Ron in Regina
+1
#11
Quote: Originally Posted by PoliticalNickView Post

...The next thing is to ask them to provide you with a copy of a contract signed with them (which they of course do not have) with your signature in ink, not a photocopy. If they actually send you an original contract from whomever they represent shred it quickly. Without an original 'wet-ink' contract any case will get tossed from any court....

Really? You really think that would happen anywhere in the real world?
 
PoliticalNick
#12
Quote: Originally Posted by Ron in ReginaView Post

Really? You really think that would happen anywhere in the real world?

Of course they wouldn't send you the original....they wouldn't have it. That doesn't mean you can't request it.
 
SLM
+3
#13
The article is not about legitimate debt. Legitimate debt is a whole other issue. The piece is about the practices of a company where they will, apparently willfully, seek to collect debt from people even if they owe no money.

While the information available from the government is helpful for those who owe debt and are dealing with a collection agency, it's really difficult for those who do not owe debt and still find themselves in the grip of an agency to get any help.
 
CDNBear
+1
#14
Quote: Originally Posted by PoliticalNickView Post

It is not freeman nuttery.

Your post wreaks of it.
Quote:

I am not saying you don't have to pay money you owe.

Sure sounds like it, with your 'wet ink' Freeman nuttery.

Quote:

If you owe money then deal with it but deal with those you owe not some outside party.

Nothing is stopping anyone from doing just that.

The fact that a collection agency is involved, usually indicates that you aren't.

Quote:

The agency can try to collect through various means of intimidation and deception but they will never go to court because they have no legal standing in the contract.

Except as the creditors legal representative.

In Ontario, Alberta and BC, they can and will take legal action if the amount owed is significant enough.

Quote: Originally Posted by PoliticalNickView Post

Of course they wouldn't send you the original....they wouldn't have it. That doesn't mean you can't request it.

They usually have a copy of the original in the file.

It can and will be produced in a legal proceeding.

Please take CanLaw's advice...

Quote:

"Before you start complaining, it would be smart to review the law so you do not make a complete fool of yourself"

Quote: Originally Posted by SLMView Post

The article is not about legitimate debt. Legitimate debt is a whole other issue. The piece is about the practices of a company where they will, apparently willfully, seek to collect debt from people even if they owe no money.

While the information available from the government is helpful for those who owe debt and are dealing with a collection agency, it's really difficult for those who do not owe debt and still find themselves in the grip of an agency to get any help.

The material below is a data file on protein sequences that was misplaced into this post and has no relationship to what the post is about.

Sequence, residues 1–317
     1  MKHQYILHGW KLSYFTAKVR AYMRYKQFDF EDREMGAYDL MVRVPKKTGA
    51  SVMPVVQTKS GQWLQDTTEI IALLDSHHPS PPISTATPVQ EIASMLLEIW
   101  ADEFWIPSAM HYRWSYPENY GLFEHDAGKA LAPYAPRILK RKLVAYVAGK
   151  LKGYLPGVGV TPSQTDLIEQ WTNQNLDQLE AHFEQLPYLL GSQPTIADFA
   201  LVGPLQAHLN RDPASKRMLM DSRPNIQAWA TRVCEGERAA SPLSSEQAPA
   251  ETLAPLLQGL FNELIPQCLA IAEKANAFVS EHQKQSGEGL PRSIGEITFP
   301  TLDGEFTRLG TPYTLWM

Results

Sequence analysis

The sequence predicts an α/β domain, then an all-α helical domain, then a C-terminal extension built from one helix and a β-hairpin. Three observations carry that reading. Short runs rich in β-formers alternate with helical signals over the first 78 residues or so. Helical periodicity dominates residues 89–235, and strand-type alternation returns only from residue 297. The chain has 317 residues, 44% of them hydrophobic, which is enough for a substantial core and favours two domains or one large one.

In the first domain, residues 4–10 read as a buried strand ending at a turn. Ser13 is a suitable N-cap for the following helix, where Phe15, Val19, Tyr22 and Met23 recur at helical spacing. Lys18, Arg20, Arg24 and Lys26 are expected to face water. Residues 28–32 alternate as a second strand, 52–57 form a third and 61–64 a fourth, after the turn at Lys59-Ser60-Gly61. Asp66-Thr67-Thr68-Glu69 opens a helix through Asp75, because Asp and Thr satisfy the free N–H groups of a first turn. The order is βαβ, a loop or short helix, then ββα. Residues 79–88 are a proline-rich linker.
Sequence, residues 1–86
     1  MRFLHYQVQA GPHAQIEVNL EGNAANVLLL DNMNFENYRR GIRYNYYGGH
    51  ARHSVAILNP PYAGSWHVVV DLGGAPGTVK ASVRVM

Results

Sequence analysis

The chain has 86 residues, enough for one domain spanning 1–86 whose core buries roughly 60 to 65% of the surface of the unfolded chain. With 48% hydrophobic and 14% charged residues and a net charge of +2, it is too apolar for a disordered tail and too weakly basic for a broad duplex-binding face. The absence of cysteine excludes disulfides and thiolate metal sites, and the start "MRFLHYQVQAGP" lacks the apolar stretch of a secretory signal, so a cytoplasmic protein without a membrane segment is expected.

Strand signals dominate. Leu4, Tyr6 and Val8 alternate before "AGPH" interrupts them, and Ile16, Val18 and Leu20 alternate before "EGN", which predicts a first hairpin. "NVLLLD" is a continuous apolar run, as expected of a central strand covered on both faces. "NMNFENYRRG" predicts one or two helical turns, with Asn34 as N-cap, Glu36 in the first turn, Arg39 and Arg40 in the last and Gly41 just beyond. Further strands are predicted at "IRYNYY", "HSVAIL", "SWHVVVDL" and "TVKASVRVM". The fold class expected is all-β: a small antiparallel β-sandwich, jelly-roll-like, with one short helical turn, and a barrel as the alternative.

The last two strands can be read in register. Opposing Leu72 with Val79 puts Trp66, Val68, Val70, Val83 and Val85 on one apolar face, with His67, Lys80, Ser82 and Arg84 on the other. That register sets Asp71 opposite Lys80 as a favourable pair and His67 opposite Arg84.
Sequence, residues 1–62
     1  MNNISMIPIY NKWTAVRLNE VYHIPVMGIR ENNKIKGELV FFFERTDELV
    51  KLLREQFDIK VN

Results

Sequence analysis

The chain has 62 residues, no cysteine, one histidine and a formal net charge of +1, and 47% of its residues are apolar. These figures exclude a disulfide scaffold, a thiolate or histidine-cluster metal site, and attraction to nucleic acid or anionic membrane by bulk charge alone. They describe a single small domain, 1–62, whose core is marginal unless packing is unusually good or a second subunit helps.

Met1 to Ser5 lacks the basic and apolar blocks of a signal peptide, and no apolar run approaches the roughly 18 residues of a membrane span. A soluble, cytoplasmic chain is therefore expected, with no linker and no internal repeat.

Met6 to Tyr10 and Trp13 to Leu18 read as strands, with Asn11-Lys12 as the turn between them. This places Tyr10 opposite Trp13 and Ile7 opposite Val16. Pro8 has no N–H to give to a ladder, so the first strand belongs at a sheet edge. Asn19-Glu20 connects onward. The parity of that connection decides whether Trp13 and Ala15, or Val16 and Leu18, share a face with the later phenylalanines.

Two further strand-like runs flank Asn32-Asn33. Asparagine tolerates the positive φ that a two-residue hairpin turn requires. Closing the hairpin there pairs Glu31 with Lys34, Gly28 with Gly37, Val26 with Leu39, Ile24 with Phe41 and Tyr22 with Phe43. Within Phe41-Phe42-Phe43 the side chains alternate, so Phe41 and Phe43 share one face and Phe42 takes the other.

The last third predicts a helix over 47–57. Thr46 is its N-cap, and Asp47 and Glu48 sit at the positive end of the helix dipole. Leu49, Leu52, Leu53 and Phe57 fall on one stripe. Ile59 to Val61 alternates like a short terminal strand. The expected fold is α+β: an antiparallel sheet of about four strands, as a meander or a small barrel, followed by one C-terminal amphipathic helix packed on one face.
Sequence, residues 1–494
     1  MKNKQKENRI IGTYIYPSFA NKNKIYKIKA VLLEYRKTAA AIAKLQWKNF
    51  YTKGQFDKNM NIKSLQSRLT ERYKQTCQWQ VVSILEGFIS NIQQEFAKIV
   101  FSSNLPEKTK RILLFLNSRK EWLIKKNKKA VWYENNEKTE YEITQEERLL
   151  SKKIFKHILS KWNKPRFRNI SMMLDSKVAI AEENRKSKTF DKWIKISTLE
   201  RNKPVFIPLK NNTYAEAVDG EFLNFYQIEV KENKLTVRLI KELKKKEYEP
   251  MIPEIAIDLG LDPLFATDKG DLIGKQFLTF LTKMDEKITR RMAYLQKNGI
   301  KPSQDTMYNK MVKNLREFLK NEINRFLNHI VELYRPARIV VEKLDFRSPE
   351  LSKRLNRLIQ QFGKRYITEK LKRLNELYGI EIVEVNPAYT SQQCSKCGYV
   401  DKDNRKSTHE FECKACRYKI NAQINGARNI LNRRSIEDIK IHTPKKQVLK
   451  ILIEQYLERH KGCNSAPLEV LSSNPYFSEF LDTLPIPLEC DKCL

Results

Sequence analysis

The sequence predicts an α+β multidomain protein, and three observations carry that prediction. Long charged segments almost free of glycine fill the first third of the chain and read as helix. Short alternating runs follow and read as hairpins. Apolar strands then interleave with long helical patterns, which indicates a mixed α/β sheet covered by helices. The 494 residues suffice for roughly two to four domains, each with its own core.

Point taken.
 
SLM
+2
#15
Quote: Originally Posted by CDNBearView Post



Point taken.

What it points to, I think, is not enough people being aware of the rules, laws, and regulations surrounding debt collection. That's why these companies, IQor in particular if you believe the charges in the article (and I do, I've come across them as I stated in the OP) taking advantage of that lack of knowledge and awareness.

I've poked around a little bit on the OCA website, checked the link for the Canadian Consumer Handbook and it's chock full of great advice for dealing with debt but not anything I could find, at least not easily, if you are erroneously accused of owing money that you don't. There should be, especially if these companies are engaging in these practices and I do believe that they are.

There are just a lot of balls being dropped here, some of it's 'our' responsibility but some of it is the governments as well. OCA should be doing more I think. The government sure as hell isn't afraid of advertising, how many commercials are there "brought to you by the Government of Canada"?
 
Just the Facts
+3
#16
Quote: Originally Posted by SLMView Post

The article is not about legitimate debt. Legitimate debt is a whole other issue. The piece is about the practices of a company where they will, apparently willfully, seek to collect debt from people even if they owe no money.

While the information available from the government is helpful for those who owe debt and are dealing with a collection agency, it's really difficult for those who do not owe debt and still find themselves in the grip of an agency to get any help.

First thing is always set up a recording device on your phone. Even a microphone near the receiver of an extension, or speaker phone with a recording device nearby will do.

When they call, inform them that you do not owe the debt, that they are calling you in error. Advise them that you would be happy to chat with them at your prescribed rate of $150.00 per hour, with a two hour minimum charge per call, and that any subsequent phone call will constitute their acceptance of your terms.

Then just start billing them when they call.

If they don't pay, send the account to collections.
 
PoliticalNick
#17
Quote: Originally Posted by CDNBearView Post

Your post wreaks of it.

You mean 'reeks'...you're welcome
Quote:

Nothing is stopping anyone from doing just that.

I always encourage it. A token payment every moth to the actual company you owe keeps collection agencies away
Quote:

The fact that a collection agency is involved, usually indicates that you aren't.